There are many stories in medieval Indian literature about flying machines. Thus in Bana’s Harsa-carita there is the story of a Yavana who manufactured an aerial machine that was used to kidnap a king. Likewise, Dandl’s Avanti-sundar tells of an architect named Mandhata who used an aerial car for such casual purposes as traveling from a distance to see if his young son was hungry. His son, by the way, was said to have created mechanical men that fought a mock duel and an artificial cloud that produced heavy showers. Both of these works date from about the 7th century A.D.
In the ninth to tenth centuries, Buddhasvamin wrote a version of the Brhat-kathd, a massive collection of popular stories. Buddhasvamin spoke of aerial vehicles as dkdsa-yantras, or sky-machines, and he attributed them to the Yavanas, a name often used for barbaric foreigners. It was quite common for flying machines and yantras in general to be attributed to the Yavanas in Sanskrit texts.
Some scholars take the Yavanas to be the Greeks, and they attribute Indian stories of machines to a Greek origin. For example, Penzer thought that the Greek philosopher Archytas may have been the “first scientific inventor” of devices resembling the Indian yantras, and he pointed out that Archytas “constructed a kind of flying machine, consisting of a wooden figure balanced by a weight suspended from a pulley, and set in motion by hidden and enclosed air.”
No doubt there was much exchange of ideas in the ancient world, and today it is hard to know for sure where a given idea was invented and how highly developed it became. We do know, however, that fairly detailed ideas concerning airplanelike flying machines were known in medieval India.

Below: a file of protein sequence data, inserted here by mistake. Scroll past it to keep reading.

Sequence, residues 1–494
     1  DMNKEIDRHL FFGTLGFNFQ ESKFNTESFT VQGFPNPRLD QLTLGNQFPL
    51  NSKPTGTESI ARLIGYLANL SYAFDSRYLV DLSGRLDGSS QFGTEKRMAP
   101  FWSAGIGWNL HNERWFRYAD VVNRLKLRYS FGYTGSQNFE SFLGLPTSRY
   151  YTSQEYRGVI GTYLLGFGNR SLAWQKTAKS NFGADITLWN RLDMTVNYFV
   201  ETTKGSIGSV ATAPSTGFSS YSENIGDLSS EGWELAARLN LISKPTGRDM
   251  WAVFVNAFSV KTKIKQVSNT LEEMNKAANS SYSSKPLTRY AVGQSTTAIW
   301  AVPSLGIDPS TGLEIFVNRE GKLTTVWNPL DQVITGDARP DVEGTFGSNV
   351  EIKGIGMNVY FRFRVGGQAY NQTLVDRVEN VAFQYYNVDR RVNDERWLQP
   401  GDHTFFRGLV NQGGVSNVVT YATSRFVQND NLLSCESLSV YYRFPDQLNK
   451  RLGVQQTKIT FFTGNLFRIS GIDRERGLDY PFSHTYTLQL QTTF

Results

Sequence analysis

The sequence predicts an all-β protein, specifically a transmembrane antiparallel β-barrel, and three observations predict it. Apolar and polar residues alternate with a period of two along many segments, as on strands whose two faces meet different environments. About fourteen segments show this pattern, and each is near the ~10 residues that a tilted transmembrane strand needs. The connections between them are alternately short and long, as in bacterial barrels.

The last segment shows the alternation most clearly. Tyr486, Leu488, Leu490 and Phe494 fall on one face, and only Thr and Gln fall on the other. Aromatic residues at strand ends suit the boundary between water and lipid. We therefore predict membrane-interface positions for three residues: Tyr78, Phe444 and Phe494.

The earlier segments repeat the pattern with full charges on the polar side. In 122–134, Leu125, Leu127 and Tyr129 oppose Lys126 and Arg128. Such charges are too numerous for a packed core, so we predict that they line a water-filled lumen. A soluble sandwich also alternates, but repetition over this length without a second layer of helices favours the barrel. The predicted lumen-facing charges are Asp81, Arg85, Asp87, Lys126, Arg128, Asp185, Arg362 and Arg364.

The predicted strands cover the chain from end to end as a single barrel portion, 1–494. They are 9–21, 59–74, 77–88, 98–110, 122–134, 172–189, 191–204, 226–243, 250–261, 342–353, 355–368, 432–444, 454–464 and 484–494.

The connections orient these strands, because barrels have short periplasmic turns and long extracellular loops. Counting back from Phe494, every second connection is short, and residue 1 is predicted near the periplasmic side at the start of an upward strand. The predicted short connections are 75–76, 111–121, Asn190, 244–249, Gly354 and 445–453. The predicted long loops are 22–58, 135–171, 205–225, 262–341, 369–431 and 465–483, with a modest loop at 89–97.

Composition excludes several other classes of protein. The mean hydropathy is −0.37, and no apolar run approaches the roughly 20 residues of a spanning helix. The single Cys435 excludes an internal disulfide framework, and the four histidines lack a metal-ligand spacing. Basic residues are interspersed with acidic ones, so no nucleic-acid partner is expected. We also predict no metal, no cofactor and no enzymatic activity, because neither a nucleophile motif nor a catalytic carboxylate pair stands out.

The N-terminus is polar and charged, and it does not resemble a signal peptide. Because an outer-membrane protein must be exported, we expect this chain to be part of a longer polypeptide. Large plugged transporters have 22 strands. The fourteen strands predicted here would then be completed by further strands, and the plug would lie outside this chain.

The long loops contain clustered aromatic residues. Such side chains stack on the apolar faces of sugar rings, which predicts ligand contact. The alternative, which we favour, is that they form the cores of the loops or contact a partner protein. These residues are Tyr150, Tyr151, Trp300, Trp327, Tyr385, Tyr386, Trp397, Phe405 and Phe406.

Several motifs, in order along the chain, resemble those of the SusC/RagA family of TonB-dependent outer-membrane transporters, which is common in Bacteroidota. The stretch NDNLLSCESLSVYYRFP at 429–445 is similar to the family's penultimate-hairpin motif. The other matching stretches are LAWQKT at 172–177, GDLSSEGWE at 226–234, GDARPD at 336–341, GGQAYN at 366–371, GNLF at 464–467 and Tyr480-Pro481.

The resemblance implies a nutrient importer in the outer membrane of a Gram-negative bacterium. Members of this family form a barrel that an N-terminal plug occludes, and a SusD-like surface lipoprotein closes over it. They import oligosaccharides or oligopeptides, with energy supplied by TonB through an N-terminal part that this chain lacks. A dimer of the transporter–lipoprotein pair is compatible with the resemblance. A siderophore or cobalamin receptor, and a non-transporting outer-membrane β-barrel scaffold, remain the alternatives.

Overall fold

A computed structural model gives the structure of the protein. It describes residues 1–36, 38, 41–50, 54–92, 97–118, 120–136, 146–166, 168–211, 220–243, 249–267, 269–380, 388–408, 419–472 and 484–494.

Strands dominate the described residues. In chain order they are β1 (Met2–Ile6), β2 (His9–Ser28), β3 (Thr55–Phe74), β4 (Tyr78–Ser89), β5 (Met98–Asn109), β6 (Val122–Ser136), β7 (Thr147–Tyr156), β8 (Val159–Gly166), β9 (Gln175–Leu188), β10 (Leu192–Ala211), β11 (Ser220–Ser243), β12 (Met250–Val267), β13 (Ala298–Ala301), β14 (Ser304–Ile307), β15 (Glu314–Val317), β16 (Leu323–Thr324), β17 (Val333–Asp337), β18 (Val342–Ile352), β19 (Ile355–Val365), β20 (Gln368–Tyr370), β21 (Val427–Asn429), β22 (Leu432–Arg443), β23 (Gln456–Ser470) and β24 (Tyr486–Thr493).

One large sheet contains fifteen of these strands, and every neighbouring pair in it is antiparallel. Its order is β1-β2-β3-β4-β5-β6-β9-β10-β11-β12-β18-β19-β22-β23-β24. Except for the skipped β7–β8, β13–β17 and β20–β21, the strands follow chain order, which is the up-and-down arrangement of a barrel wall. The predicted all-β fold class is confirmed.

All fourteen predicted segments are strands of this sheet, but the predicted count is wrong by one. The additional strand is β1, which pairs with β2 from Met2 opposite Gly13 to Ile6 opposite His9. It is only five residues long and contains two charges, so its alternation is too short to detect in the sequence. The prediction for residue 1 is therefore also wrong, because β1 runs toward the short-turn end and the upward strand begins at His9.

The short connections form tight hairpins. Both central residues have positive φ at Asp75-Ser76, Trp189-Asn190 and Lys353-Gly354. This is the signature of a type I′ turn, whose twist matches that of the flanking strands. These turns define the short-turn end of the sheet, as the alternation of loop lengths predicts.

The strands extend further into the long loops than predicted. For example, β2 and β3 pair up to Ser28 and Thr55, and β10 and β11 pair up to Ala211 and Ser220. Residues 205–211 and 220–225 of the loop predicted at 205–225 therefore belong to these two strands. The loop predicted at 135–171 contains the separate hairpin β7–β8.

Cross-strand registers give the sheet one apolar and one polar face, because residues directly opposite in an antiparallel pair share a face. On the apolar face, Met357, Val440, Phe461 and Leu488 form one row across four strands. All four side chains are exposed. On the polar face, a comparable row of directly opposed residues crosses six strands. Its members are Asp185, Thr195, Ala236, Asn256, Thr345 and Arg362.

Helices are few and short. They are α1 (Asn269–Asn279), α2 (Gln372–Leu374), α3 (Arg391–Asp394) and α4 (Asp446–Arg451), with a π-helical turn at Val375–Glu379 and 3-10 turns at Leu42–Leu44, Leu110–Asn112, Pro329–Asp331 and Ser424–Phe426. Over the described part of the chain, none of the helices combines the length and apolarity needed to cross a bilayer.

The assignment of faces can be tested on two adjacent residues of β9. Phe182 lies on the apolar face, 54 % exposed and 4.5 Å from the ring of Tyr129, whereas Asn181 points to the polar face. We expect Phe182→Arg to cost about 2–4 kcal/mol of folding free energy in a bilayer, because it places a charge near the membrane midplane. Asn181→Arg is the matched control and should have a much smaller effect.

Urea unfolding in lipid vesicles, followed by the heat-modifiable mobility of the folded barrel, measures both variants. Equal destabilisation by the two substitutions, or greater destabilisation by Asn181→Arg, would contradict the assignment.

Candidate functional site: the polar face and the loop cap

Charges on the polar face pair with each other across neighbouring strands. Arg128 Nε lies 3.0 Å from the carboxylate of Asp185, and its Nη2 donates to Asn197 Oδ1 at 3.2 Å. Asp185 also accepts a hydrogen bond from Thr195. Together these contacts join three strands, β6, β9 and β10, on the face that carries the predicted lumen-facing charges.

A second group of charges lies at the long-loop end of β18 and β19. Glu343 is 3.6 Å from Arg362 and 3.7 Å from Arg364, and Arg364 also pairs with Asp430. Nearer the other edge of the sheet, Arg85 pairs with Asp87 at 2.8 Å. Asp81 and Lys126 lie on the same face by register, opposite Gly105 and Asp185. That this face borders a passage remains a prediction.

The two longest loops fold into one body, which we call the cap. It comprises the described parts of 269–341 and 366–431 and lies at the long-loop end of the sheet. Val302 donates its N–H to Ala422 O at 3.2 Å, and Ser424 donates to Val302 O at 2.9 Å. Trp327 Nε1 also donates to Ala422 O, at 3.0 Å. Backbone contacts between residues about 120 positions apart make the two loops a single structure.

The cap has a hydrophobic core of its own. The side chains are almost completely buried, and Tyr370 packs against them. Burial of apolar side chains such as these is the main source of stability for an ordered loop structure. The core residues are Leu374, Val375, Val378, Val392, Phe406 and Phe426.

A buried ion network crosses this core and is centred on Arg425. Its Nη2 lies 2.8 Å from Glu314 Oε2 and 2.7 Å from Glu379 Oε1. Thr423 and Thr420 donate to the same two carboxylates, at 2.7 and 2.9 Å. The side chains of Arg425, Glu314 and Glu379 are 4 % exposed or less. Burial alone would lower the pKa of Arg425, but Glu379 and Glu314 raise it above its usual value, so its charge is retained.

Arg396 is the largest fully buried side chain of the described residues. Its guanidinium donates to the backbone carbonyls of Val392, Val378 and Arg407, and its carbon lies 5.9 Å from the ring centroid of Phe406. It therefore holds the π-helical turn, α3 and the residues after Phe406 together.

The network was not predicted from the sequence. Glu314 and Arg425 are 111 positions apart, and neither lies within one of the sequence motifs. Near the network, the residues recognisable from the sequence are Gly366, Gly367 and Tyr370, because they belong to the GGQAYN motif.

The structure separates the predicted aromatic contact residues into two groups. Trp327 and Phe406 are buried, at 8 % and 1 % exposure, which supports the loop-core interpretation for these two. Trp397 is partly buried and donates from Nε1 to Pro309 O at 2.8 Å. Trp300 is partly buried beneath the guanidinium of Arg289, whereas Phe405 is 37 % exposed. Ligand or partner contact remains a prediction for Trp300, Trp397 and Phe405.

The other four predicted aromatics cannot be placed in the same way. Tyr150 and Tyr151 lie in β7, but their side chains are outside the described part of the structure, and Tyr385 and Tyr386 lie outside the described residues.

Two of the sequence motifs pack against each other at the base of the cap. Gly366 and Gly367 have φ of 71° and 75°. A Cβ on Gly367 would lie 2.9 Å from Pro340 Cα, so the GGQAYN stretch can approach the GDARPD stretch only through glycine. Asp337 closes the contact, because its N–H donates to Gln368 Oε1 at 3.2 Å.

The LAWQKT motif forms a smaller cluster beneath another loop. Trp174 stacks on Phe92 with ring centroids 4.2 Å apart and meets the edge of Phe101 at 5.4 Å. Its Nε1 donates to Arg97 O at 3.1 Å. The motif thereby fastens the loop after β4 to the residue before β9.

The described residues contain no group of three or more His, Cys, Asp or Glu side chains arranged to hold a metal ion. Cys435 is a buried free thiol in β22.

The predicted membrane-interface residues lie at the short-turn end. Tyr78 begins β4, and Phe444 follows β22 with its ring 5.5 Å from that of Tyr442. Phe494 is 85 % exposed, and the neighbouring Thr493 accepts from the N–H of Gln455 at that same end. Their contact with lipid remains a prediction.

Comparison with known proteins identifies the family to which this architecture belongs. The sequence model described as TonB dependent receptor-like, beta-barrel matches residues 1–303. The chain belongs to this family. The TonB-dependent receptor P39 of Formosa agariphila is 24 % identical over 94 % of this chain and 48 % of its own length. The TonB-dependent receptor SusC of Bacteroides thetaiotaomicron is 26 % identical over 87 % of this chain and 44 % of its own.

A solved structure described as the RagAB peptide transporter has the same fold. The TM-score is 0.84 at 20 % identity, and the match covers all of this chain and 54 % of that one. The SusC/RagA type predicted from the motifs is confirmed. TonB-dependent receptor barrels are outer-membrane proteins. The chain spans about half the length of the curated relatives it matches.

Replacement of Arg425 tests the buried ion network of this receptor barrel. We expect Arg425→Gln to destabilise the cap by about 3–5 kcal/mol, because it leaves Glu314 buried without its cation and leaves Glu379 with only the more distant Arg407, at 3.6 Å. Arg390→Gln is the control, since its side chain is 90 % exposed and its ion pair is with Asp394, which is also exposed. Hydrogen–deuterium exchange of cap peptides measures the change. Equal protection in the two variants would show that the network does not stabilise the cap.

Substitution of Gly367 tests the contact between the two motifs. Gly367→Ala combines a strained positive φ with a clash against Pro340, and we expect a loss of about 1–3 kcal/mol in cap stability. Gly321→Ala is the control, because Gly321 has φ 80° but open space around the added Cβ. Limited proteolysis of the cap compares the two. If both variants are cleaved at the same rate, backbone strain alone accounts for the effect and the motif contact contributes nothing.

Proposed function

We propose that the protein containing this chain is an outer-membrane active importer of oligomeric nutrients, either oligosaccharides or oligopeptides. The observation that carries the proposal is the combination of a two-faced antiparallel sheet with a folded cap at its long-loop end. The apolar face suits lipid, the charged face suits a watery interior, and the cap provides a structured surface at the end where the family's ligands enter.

Bhoja’s Samardngana-sutradhdra states that the main material of a flying machine’s body is light wood, or laghu-ddru. The craft has the shape of a large bird with a wing on each side. The motive force is provided by a fire-chamber with mercury placed over a flame. The power generated by the heated mercury, helped by the flapping of the – wings by a rider inside, causes the machine to fly through the air. Since the craft was equipped with an engine, we can speculate that the flapping of the wings was intended to control the direction of flight rather than provide the motive power.
The Vaimdnika-sdstra is a highly detailed description of vimanas, and it is given great credence in a number of books and articles. These include the writings of Kanjilal, 2 Nathan, 2’ and Childress. In particular, the Indian ufologist Kanishk Nathan wrote that the Vaimdnika-sdstra is an ancient Sanskrit text that “describes a technology that is not only far beyond the science of the times but is even way beyond the possible conceptual and scientific imagination of an ancient Indian, including concepts such as solar energy and photography.”
In fact, there are good reasons for thinking this might be the case. The text of the Vaimdnika-sdstra is illustrated by several of the drawings made under Subbaraya Sastry’s supervision. These include cross sections of the rukma-vimdna, the tripura-vimdna, and the sakuna- vimdna .These cross sections show the kind of crude mechanical and electrical technology that existed in the period just following World War I. There are large electromagnets, cranks, shafts, worm gears, pis- tons, heating coils, and electric motors turning propellers. The rukma-vimdna is supposedly lifted into the air by “lifting fans” that are powered by electric motors and that are very small compared with the size of the vimdna as a whole.